Mileage claims are useless when comparing brands of antennas. If installed outside, I would get the 7698. If in an attic out of the sun and weather, I would get the cheaper HBU55.
 

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Quote:
Originally Posted by arxaw
Mileage claims are useless when comparing brands of antennas. If installed outside, I would get the 7698. If in an attic out of the sun and weather, I would get the cheaper HBU55.
Absolutely correct. Mileage and gain numbers can be used to compare models of the same brand, but not across brands.
 

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Quote:
Originally Posted by kur1j
Thank you much. That makes it easy
. I am going to be placing it outside so I just went with the Winegard.


Now I just have to get out there and put it up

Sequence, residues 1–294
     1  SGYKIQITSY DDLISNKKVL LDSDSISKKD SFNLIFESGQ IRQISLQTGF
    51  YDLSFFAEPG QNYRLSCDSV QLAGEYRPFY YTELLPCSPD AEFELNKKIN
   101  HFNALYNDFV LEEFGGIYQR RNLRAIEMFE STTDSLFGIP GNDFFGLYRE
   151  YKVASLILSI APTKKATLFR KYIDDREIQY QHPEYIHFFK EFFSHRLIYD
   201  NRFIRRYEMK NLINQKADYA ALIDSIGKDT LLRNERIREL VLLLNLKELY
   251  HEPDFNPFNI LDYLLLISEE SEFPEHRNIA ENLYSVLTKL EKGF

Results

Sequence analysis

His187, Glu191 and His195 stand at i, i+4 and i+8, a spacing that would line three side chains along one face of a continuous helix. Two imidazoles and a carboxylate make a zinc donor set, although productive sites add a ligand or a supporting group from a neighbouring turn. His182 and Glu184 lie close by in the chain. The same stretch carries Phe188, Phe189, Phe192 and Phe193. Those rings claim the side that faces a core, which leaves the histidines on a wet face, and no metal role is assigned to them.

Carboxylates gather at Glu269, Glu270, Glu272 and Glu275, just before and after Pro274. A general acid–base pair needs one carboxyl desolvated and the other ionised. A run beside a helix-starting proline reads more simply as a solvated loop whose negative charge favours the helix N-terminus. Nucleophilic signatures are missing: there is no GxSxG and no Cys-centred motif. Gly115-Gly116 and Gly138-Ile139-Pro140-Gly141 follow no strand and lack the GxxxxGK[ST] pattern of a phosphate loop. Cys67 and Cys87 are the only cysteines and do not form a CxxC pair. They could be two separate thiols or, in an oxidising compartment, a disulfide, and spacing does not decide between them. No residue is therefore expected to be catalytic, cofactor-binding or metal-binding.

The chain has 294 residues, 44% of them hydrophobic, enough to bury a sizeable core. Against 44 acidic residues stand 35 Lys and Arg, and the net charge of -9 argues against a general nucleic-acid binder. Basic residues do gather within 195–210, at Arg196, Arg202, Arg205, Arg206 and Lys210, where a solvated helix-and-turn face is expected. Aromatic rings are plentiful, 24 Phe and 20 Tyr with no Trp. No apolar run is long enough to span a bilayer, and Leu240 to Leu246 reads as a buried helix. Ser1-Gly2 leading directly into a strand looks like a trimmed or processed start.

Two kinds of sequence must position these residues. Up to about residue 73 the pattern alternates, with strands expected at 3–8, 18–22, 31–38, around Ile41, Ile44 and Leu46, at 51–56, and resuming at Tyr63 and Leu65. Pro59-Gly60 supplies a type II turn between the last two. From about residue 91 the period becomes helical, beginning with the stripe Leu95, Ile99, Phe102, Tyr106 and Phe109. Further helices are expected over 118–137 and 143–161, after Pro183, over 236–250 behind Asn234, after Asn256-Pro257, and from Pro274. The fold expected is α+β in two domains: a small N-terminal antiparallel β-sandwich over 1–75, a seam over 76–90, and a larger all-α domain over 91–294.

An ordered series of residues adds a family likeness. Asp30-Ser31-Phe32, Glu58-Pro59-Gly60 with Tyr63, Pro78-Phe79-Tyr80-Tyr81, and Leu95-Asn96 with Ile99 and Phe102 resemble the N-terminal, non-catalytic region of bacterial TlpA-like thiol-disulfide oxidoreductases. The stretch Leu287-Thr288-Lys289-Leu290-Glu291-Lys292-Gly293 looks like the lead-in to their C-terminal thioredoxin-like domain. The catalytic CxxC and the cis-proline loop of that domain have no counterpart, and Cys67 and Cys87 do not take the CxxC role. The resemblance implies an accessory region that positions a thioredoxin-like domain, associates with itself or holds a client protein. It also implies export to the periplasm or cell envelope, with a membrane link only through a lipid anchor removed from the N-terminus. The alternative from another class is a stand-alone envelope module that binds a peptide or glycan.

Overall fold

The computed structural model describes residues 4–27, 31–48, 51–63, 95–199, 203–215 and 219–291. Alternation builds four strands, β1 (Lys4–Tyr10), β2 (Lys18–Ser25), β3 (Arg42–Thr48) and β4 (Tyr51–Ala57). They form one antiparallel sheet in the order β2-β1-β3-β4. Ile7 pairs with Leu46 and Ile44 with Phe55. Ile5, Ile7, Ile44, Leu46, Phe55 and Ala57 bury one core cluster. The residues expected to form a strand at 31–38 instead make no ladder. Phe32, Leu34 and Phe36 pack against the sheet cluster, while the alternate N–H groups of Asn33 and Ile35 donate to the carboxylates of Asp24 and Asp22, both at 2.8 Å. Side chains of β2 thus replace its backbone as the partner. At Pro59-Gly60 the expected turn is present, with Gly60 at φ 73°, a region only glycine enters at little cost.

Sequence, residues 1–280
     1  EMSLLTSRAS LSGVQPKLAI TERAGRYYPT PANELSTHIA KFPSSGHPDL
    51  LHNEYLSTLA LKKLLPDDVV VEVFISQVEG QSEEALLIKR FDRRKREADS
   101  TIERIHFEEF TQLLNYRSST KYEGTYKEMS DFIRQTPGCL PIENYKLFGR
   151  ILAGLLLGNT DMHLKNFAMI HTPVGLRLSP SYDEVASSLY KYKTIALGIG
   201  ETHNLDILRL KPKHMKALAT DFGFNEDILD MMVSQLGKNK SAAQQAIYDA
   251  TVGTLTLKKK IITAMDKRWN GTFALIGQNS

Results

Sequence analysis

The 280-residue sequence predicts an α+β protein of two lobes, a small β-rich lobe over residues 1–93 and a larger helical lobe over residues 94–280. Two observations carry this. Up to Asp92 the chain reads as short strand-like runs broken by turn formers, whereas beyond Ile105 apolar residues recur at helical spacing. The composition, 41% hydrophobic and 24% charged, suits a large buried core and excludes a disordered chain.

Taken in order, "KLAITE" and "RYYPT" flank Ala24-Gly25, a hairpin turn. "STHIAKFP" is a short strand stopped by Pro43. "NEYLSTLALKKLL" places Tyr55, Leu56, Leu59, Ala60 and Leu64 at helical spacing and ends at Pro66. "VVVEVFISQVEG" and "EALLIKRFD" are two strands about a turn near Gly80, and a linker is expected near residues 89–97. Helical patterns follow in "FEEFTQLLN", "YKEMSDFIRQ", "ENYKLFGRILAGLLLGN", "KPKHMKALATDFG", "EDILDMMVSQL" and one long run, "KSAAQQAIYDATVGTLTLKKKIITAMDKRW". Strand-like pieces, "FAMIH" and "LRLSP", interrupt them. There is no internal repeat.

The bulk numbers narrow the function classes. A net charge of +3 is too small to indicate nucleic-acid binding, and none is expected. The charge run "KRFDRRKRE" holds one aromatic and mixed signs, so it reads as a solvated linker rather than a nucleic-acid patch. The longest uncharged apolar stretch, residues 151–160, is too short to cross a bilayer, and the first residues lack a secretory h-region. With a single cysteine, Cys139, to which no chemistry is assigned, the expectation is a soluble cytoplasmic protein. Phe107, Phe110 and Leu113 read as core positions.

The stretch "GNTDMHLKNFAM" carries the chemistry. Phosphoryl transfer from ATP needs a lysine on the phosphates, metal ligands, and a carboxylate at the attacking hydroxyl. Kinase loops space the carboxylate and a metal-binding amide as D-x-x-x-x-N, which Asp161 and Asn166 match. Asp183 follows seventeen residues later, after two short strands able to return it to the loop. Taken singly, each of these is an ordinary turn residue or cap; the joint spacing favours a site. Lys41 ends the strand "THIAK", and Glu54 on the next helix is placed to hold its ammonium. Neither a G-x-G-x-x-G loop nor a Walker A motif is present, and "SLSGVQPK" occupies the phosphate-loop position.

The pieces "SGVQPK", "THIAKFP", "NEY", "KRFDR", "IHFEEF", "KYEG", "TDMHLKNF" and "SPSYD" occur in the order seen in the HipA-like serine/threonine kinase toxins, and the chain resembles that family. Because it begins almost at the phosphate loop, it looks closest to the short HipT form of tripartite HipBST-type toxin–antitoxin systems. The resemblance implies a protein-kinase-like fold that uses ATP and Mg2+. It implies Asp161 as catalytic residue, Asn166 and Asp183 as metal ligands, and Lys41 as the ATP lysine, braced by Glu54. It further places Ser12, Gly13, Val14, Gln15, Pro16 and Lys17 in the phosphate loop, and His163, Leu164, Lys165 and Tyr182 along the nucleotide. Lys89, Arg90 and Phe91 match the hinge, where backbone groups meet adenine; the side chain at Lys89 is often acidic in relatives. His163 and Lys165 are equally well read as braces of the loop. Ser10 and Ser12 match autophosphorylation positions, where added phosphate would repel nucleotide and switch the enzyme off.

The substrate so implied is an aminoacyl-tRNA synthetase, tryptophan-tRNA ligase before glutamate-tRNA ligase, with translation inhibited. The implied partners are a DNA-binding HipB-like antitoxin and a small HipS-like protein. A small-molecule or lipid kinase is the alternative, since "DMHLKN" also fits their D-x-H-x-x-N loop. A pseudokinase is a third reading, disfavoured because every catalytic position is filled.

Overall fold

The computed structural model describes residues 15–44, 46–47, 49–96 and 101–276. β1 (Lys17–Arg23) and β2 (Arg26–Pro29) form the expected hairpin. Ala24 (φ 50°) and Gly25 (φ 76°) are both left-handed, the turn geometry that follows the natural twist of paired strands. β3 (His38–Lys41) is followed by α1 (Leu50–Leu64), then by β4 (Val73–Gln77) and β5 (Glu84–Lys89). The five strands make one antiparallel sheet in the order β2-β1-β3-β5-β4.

.
If I may make a suggestion (from someone who has been using HD-OTA for years), I would place the antenna on your roof as high as is reasonable and strap it to the roof beams with guy wires (at least 3). Depending on what's around you and your distance, higher is always better. Basically you'd like to be about 30' from the ground to the antenna top, so on a single story home that's installing about a 10' antenna. If you have a 2-story you can get away with strapping it to your chimney (if you have one). You can strap it to a chimney on a single story and that will probably work but the higher up you go, the less chance of multi-path (interference). My antenna has been in the same place for about 28 years and has never blown over or been bent regardless of the weather.